Preprints
https://doi.org/10.5194/egusphere-2023-837
https://doi.org/10.5194/egusphere-2023-837
04 May 2023
 | 04 May 2023
Status: this preprint is open for discussion and under review for Atmospheric Chemistry and Physics (ACP).

Stratospheric aerosol size reduction after volcanic eruptions

Felix Wrana, Ulrike Niemeier, Larry W. Thomason, Sandra Wallis, and Christian von Savigny

Abstract. The stratospheric aerosol layer plays an important role in the radiative balance of earth primarily through scattering of solar radiation. The magnitude of this effect depends critically on the size distribution of the aerosols. The aerosol layer is in large part fed by volcanic eruptions strong enough to inject gaseous sulfur species into the stratosphere. The evolution of the stratospheric aerosol size after volcanic eruptions is currently one of the biggest uncertainties in stratospheric aerosol science. We retrieved aerosol particle size information from satellite solar occultation measurements from the Stratospheric Aerosol and Gas Experiment III mounted on the International Space Station (SAGE III/ISS) using a robust spectral method. We show that, surprisingly, some volcanic eruptions can lead to a decrease in average aerosol size, like the 2018 Ambae and the 2021 La Soufrière eruptions. In 2019 an intriguing contrast is observed, where the Raikoke eruption (48° N, 153° E) in 2019 led to the more expected stratospheric aerosol size increase, while the Ulawun eruptions (5° S, 151° E), which followed shortly after, again resulted in a reduction of the median radius and absolute mode width values in the lowermost stratosphere. In addition, the Raikoke and Ulawun eruptions were simulated with the aerosol climate model MAECHAM5-HAM. In these model runs, the evolution of the extinction coefficient as well as of the effective radius could be reproduced well for the first 3 months of volcanic activity. However, the long lifetime of the very small aerosol sizes of many months observed in the satellite retrieval data could not be reproduced.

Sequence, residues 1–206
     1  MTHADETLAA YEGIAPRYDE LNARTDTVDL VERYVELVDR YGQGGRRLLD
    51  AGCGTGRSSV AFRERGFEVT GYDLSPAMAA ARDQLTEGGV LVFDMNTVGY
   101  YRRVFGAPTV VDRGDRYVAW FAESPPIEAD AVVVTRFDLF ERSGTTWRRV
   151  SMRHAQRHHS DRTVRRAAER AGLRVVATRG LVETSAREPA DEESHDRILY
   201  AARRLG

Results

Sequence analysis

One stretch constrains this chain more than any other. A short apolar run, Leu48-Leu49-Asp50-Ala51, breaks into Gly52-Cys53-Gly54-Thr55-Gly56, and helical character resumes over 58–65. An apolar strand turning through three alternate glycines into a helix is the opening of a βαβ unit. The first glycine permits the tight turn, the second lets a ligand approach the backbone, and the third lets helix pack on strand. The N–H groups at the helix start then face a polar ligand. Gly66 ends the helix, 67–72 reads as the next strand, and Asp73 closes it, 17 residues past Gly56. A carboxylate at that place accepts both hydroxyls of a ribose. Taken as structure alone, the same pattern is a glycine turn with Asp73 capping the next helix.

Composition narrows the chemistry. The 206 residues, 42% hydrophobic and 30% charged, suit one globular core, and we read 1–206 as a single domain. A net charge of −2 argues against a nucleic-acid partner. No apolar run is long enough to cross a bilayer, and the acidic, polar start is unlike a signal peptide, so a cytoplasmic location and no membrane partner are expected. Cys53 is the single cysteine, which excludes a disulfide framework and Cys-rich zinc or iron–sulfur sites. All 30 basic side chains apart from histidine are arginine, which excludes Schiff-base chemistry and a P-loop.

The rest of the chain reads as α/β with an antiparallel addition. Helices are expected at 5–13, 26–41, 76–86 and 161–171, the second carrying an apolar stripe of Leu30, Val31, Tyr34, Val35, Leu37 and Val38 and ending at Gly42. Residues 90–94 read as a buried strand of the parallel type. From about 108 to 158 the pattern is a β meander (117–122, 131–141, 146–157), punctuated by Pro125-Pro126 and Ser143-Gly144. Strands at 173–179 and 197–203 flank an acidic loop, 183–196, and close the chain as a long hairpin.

Felix Wrana et al.

Status: open (until 15 Jun 2023)

Comment types: AC – author | RC – referee | CC – community | EC – editor | CEC – chief editor | : Report abuse
  • RC1: 'Referee Comment on egusphere-2023-837', Anonymous Referee #1, 30 May 2023 reply
  • RC2: 'Comment on egusphere-2023-837', Daniele Visioni, 05 Jun 2023 reply

Felix Wrana et al.

Felix Wrana et al.

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Short summary
The stratospheric aerosol layer is a naturally occuring and permanent layer of aerosol, in this case very small droplets of mostly sulfuric acid and water, that has a cooling effect on our climate. To quantify this effect and for our general understanding of stratospheric microphysical processes, knowledge of the size of those aerosol particles is needed. Using satellite measurements and atmospheric models we show, that some volcanic eruptions can lead to on average smaller aerosol sizes.